The City of Absurdity   The Elephant Man 1980
"The mind's the standard of the man"


"Never, no, never... nothing dies.
The stream flows, the wind blows,
cloud fleets, the heart beats.
Nothing will die."

About the film | Synopsis | Screenplay | Reviews
John Merrick | Further Information


  About the Film

David Lynch (Writer/ Director)

"The story of the Elephant Man was about someone who was a monster on the outside but who inside was a beautiful and normal human being you fell in love with. He was a monster who wasn't really a monster. I like human conditions that are distorted. It makes the undistorted stand out. I like psychological twists, too."

"I think everybody feels a bit like an outsider. Also I think everybody hides many things inside them."

"Chris and Ericīs script was very good, but so close to the real story that it started by going up and then it flattened out. We restructured the whole thing and wrote a lot of new scenes. It was a team effort. The beginning and the end werenīt in the original script. I learned a lot from this work because I had never done this kind of writing before."

"I was going to work with really great actors on a true story from Victorian times in a country I didnīt know. At first, I thought I wouldnīt be able to handle it. I couldnīt get into the atmosphere. I coudnīt even find the locations I wanted. Then, one day, I was at an abandoned hospital in the East End of London and it clicked. Everything was there: the atmosphere, the rooms, the long corridors."

"I always thought of it as a black and white film. Black and white immediately takes you out of the real world. To go back in time and have this mood of the Industrial Revolution ­ the places, the stark feeling ­ black and white is perfect. Most of my favourite films are black and white"

"Well, I'm flipped out over industry and factories - sounds as well as images ... The Elephant Man takes place when industrialization was still starting. It was the beginning of Eraserheads times. I was hoping that the Victorians would have had more machinery around. There wasn't a lot, but what they did have made a lot noise and a lot of smoke."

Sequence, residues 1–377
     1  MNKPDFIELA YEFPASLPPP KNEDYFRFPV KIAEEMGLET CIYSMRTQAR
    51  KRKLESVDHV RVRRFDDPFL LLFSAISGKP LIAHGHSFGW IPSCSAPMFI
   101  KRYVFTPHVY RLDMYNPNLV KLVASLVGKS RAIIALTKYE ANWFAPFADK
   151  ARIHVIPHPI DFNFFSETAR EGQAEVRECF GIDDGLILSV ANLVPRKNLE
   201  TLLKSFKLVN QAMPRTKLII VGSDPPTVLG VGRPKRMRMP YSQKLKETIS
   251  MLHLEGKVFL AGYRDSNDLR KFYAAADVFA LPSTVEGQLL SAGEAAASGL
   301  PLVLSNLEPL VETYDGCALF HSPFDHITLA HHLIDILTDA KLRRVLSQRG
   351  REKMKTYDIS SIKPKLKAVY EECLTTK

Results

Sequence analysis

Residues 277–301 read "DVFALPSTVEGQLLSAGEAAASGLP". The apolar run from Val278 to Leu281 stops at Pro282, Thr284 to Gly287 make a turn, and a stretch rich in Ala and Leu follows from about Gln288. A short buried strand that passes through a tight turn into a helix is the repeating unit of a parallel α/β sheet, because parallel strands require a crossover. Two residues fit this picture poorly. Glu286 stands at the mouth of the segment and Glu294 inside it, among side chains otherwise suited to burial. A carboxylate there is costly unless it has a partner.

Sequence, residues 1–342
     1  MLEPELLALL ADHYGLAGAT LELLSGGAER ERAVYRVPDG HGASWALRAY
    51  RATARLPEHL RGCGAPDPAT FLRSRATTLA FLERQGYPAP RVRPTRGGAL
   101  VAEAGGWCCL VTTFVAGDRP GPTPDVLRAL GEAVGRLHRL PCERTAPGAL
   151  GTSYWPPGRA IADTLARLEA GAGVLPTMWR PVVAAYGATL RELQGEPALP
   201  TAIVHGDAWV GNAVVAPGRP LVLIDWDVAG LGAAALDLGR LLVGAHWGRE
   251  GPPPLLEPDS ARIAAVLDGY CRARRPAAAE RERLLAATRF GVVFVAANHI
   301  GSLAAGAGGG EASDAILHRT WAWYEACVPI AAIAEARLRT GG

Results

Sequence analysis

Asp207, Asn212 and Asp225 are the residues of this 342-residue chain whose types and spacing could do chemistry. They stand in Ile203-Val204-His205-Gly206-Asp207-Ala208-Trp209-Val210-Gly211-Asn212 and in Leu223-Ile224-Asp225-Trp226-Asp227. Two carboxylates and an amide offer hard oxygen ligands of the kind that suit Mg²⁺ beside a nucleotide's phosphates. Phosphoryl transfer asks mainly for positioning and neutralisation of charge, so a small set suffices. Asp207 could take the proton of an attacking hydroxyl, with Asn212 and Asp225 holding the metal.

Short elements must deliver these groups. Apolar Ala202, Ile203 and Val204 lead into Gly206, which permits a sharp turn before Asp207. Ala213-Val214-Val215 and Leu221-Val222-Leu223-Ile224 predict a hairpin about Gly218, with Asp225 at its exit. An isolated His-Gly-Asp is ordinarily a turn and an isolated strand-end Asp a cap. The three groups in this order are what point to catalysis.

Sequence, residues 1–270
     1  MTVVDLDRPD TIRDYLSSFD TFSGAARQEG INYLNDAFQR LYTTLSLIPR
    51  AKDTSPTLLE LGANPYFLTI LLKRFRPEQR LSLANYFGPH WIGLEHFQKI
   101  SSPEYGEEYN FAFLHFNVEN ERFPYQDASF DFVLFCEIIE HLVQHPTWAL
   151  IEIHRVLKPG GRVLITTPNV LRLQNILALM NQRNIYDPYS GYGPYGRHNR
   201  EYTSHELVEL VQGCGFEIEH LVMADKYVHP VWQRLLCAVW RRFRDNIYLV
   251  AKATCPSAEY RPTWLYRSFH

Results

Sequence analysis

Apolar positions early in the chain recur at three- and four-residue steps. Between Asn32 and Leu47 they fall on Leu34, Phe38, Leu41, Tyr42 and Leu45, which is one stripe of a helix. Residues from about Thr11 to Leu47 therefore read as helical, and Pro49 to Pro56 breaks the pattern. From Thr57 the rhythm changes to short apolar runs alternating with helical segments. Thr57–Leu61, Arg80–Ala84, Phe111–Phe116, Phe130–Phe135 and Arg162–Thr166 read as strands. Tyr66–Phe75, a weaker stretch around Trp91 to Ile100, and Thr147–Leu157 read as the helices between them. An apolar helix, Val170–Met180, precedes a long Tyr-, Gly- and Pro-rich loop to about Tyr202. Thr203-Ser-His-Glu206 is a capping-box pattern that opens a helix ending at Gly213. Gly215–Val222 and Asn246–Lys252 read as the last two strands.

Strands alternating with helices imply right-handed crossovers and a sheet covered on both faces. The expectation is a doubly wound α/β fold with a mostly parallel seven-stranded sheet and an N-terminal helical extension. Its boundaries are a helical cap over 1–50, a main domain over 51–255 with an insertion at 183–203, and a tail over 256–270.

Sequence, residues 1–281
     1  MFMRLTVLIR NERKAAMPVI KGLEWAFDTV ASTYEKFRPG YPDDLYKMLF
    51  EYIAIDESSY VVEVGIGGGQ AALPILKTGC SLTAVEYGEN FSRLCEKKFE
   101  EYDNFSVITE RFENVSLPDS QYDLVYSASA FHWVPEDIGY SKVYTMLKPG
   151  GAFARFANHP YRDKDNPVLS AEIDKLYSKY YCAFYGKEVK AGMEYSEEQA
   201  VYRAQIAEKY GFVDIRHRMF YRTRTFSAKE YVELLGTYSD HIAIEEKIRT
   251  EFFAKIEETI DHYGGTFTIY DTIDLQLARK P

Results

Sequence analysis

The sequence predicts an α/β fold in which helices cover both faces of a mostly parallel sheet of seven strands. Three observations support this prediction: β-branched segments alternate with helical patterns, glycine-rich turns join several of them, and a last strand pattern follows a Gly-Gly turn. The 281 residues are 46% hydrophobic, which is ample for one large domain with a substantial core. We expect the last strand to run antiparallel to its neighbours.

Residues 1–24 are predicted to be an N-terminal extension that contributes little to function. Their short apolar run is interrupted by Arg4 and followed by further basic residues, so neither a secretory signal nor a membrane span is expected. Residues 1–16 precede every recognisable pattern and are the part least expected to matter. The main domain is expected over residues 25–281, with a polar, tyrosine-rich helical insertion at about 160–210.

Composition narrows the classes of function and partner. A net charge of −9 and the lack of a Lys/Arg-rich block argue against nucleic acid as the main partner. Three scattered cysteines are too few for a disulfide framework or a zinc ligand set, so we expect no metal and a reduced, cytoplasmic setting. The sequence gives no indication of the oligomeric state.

"Well, The Elephant Man was a pretty successful picture. But it was, you know, based on a true story. It was further away from what you say, a personal film, although I felt very personal about it and I got into that world, and I feel I didn't compromise."

David Lynch choose about a year before the start of shooting to do the make up himself. He took a plastercast of John Hurt , and worked away in seclusion for nine months. The two days before they started shooting, they tried it on John Hurt but it didn't work.

"I had an idea for a suit which would look really organic, and wouldn't require five hours of makeup every day, in theory this was incredibly perfect, It wasn't just a suit. It was layers of stuff, and there would have needed to be some blending between John and the suit everyday. But it didn't work. There was a thousandth of a second when I put it on John Hurt the first time, when it looked alright. And then in the next ten thousandth of a second, it hit me so hard that there was no way. And the next week and a half was one of the darkest times of my life."


  Further Information

Film Data
Cast & Crew plus other data

taken from the press release

by John Pym, Sight and Sound, Winter 1980/81 Screenplay

you can order The Elephant Man: A Study in Human Dignity by Ashley Montagu from for $10.46 (hardcover)

order the film
on VHS tape from for $12.74



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